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Florida’s Windover Bog Bodies Predate The Egyptian Pyramids And Can Rewrite Ancient American History

There is a fascinating ancient underwater cemetery in Florida, North America. It is called Windover Pond, and it is 8,000 years old. Windover Pond is older than the Great Pyramids of Egypt and can help unravel the mystery of ancient Americans.

The human remains discovered in the Windover Pond can rewrite America’s ancient history.

Large image: The Windover site. Credit: Seven Ages – Middle image: illustration of one of the bog bodies found at the site. Credit: Brevard Museum of History and Natural Science

Windover Pond, east of Orlando, Florida, was discovered by chance in 1982. When archaeologists investigated the submerged burial place, they found several well—preserved artifacts and numerous individuals buried in the peat at the bottom of the pond. Today, known as the Windover bog bodies, these remains are a perplexing archaeological mystery.

This site is exceptionally unique in North America for several reasons. For one thing, the age of Windover Pond makes it an important archaeological and historical site. It is also rare to find underwater burials where artifacts and human bodies have been excellently preserved. From a scientific point of view, the most significant part of this site is discovering many bog bodies. As many as 168 bog bodies were found in Windover Pont, allowing scientists to study a large sample of DNA.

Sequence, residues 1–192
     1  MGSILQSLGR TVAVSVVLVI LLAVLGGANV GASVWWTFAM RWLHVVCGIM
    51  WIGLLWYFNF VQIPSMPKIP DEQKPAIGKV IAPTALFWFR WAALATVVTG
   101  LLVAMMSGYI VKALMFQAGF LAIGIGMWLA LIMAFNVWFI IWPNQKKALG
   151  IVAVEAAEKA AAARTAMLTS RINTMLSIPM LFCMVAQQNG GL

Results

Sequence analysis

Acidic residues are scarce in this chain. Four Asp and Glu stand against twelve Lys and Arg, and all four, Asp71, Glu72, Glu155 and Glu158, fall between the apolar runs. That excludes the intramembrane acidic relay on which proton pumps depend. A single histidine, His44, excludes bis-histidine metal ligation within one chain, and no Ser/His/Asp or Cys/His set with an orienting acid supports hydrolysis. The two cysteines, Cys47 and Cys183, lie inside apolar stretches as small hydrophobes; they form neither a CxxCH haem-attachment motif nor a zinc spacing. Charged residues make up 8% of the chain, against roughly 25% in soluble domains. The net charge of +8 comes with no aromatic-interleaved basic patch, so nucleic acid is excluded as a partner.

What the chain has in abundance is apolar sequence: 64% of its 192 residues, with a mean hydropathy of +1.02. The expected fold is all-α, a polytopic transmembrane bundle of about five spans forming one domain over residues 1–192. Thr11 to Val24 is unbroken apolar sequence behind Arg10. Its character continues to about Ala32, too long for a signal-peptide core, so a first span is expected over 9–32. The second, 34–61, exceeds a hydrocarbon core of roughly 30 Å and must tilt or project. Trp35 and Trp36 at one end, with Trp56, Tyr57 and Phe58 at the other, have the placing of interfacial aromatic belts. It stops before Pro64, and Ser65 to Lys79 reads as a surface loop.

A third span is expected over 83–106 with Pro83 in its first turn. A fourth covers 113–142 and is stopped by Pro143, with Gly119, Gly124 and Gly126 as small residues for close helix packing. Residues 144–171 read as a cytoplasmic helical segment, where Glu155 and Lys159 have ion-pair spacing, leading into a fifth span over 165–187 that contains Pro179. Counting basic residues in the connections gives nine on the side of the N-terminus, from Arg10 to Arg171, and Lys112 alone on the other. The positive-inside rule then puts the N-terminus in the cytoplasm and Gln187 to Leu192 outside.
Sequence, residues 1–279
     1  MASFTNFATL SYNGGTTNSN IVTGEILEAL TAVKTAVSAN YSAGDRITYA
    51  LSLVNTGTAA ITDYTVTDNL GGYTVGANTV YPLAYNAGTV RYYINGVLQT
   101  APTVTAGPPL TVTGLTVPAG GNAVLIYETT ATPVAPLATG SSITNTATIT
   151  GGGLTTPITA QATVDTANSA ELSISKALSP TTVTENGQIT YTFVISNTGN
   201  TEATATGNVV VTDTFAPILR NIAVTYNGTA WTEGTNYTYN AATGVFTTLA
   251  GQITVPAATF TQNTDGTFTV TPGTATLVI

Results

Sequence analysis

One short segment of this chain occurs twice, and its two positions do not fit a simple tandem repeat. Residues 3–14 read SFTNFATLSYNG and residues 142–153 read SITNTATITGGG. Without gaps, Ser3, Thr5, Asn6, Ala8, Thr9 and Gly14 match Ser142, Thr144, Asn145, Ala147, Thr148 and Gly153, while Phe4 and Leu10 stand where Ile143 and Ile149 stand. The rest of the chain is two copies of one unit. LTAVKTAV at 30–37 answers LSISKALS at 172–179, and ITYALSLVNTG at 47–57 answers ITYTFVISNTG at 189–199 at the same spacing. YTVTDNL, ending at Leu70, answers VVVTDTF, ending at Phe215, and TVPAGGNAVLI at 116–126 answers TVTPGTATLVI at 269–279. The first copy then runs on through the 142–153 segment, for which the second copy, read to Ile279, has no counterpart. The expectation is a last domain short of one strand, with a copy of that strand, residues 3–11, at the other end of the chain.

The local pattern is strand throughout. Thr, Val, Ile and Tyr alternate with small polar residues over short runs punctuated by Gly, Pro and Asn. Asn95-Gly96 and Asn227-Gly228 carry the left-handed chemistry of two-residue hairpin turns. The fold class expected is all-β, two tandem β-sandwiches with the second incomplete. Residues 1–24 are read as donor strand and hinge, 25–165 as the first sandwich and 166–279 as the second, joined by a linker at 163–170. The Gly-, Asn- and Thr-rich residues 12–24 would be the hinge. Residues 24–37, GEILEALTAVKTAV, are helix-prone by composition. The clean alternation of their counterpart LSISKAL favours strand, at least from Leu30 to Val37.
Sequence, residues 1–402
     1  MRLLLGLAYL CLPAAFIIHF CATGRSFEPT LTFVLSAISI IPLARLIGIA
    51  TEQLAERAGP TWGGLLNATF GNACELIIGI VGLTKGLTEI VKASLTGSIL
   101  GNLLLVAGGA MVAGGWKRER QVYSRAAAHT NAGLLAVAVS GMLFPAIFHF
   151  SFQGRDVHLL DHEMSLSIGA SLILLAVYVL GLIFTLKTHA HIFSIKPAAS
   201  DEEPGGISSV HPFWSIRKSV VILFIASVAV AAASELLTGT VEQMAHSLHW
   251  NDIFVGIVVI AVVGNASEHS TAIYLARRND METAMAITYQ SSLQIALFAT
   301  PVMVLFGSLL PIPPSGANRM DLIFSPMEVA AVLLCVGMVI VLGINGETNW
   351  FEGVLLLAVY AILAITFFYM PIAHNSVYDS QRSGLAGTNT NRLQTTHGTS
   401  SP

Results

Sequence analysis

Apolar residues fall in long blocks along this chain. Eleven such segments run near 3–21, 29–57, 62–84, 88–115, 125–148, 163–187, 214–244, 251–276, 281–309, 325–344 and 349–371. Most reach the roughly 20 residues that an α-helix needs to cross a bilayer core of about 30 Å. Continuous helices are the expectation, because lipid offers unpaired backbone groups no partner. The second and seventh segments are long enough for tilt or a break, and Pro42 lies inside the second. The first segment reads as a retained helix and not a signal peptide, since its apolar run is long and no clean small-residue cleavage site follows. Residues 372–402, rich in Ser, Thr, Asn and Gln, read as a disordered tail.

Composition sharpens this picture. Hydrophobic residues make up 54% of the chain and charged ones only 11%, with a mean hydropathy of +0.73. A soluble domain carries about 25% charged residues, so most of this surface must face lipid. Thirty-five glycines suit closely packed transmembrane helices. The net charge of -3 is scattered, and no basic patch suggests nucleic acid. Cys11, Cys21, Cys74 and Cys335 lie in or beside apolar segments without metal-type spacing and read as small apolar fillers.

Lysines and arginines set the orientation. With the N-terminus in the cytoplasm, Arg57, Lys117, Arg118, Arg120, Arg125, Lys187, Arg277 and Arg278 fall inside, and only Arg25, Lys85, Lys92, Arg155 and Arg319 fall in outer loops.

Who Were The People Buried In The Underwater Windover Cemetery?

There are many bog bodies in European peats, but they are less well-preserved than the Windover bog bodies. There must have been some elements in the Windover sinkhole that helped protect the brain tissues for thousands of years.

One of the most significant elements of the Windover site was the discovery of the oldest complexly woven cloth made of plant fiber in the Americas. Pieces of 7,000 to 8,000-year-old fabric were found with human burials at the Windover Archaeological Site in Florida. Since the burials were in a peat pond. The fabric had turned into peat but was still identifiable. Credit: Brevard Museum of History and Natural Science

Scientists suggest “that the slight acidity and high mineral content of the water in the sinkhole might contribute to their longevity. The preservation of brain tissues is reflected by preservation of ancient DNA, and the Windover sinkhole has yielded one of North America’s large ancient genetic populations.” 1

Scientists were surprised to see the results when they started to examine the Windover bog bodies. Windover Pond has “yielded dozens of extraordinary well-preserved brains with analyzable DNA. William Hauswirth of the University of Florida College of Medicine identified two mtDNA variants in the Windover material that he had not seen before.” 2

Human remains recovered from the remarkable underwater cemetery created by ancient people about 8,000 years ago. Credit: Image compilation AncientPages.com

Some years ago, Andrew Merriwether, a geneticist at the University of Michigan, did one of the most extensive surveys of mtDNA sequences from modern and ancient Native Americans.

Hauswirth contacted Merriwether and asked him to look at the DNA results.